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In the past decade, the demand for technology has skyrocketed. With that demand comes a natural need for IT personnel, including programmers.
However, the path to becoming a programmer involves learning a new language–literally. It requires foresight, dedication, and education.
The outcome? A 2017 median pay of $39.54 per hour and increasing job growth.
This story leads to a happy conclusion. If you’re ready to find your own happily ever after in the programming career department, we’ll spill the beans and explain exactly how to become a programmer in Florida.
The Job Description
Before you think about hopping online and signing up for classes, it’s important to understand what a programmer’s life entails.
Programmers are tinkerers invested in the makings of software programs; they turn ideas into reality. There are two basic types of programmers: applications and systems programmers.
Applications programmers create and customize software programs for businesses. In short, they are in charge of building the software and maintaining it.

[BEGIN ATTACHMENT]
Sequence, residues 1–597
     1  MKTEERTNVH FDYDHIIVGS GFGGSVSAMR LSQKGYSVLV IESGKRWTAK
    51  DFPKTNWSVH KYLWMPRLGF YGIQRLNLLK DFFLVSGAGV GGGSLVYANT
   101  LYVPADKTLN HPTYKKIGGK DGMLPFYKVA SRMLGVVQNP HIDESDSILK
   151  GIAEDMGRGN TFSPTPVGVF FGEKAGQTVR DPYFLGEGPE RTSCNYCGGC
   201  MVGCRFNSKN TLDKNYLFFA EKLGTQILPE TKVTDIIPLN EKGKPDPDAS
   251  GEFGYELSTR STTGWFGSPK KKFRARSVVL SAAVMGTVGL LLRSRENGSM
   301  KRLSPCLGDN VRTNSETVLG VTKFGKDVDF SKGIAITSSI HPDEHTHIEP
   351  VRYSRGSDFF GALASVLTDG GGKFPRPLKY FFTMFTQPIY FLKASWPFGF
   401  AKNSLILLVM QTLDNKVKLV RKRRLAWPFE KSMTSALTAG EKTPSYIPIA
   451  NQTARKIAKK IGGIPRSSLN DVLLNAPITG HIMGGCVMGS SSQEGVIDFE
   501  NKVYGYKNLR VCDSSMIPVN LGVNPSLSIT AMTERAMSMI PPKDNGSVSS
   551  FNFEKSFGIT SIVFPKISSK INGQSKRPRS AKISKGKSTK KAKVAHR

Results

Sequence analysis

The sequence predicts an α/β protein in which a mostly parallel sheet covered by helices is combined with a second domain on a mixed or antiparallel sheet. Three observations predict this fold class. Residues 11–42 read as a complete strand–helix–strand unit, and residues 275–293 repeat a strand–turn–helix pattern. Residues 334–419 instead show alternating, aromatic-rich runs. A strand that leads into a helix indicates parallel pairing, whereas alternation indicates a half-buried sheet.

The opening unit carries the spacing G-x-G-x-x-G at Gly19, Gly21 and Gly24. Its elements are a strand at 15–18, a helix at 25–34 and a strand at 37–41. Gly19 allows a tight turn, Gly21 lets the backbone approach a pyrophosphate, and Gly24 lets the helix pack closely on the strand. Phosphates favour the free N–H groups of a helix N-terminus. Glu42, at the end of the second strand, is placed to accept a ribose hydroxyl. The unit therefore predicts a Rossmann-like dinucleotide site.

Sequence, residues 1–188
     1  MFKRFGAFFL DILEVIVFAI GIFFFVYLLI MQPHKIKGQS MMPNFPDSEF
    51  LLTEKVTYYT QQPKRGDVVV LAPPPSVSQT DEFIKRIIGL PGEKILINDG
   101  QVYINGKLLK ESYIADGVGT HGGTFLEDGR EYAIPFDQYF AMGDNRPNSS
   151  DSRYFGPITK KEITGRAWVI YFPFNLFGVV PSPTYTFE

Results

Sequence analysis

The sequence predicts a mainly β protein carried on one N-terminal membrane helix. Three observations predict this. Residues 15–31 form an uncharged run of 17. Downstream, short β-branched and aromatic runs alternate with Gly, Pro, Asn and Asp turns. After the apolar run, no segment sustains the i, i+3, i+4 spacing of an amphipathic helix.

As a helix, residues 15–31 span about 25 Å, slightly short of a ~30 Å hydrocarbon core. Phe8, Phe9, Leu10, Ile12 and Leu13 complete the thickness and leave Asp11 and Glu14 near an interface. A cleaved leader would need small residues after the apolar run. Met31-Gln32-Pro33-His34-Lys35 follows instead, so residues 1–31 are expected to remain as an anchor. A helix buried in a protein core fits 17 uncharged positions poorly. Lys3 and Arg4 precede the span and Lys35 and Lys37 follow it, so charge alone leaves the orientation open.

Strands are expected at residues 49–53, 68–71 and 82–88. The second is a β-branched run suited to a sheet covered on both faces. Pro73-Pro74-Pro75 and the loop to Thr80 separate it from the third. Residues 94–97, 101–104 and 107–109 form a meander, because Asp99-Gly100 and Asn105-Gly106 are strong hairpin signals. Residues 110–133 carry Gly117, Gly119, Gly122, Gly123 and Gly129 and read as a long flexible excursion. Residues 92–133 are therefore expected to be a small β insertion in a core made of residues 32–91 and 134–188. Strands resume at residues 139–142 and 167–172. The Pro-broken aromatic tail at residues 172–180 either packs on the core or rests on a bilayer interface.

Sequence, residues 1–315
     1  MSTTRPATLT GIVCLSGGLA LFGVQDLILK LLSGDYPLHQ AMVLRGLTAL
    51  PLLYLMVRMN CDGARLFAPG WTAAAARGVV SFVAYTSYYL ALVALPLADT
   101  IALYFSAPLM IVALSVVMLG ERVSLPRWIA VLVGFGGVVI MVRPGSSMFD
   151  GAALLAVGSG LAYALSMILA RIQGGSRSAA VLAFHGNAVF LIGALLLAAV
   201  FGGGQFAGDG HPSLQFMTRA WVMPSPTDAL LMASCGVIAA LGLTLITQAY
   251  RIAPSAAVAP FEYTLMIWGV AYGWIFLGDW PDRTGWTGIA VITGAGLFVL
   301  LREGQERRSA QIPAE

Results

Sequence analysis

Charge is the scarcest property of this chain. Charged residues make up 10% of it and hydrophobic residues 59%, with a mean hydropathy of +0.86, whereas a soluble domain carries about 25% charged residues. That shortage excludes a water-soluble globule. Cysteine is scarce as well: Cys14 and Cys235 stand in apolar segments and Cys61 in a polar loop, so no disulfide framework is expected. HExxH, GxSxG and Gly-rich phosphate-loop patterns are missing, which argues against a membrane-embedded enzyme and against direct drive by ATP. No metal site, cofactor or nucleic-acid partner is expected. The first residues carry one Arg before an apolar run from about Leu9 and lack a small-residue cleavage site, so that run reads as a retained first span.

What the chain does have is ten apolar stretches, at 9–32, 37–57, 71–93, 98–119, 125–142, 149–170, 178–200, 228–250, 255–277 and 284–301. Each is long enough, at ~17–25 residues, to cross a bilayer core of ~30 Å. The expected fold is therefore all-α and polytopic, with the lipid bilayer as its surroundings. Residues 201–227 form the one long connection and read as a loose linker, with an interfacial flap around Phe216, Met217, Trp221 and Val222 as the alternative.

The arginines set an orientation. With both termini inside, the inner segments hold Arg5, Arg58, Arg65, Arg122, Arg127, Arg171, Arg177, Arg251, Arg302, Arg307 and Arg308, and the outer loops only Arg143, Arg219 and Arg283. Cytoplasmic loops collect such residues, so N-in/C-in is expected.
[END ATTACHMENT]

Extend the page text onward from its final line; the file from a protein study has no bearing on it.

Systems programmers are responsible for maintaining the operating system. This position requires extensive knowledge of the entire system. Systems programmers focus on how programs interact with and function with computers, ensuring everything runs at optimal performance.
In 2017, a programmer’s median salary was $82,240.
Do You Have What It Takes?
Being a programmer and enjoying the career takes a specific type of person.
Programmers are usually detail-oriented and math-lovers. They enjoy learning about how things work and finding solutions to problems.
Because one tiny mistake can ruin an entire code, it’s integral that these individuals are meticulous, patient and thorough. Finally, coders need to be “obsessive learners”–that is, they are continually building upon their knowledge base to make the most of their skills.
Do you fit the bill?
How to Become a Programmer
No matter where you are, becoming a programmer involves several years of education and an avid interest in computers.
1. Start Early
One of the best pieces of advice is to start as early as possible. For those interested in computers in high school or before, several programs exist that teach kids to code in a user-friendly and simplified manner.
It’s a great way to see if programming is right for you.
These small steps allow you to dip your toe in the water, ensuring that this is something you are interested in.
2. Get Educated
At this point, you should have a fairly good idea that you’re interested in programming. Now it’s time to really learn.
Most positions require a bachelor’s degree in some form of computer science but start small. Work on a two-year degree to learn the fundamentals of coding.
During this time, students learn about computer systems, infrastructures, JAVA programming, and basic C++ programming. In short, it provides all the groundwork so you know your way around systems and coding.
3. Find Your Focus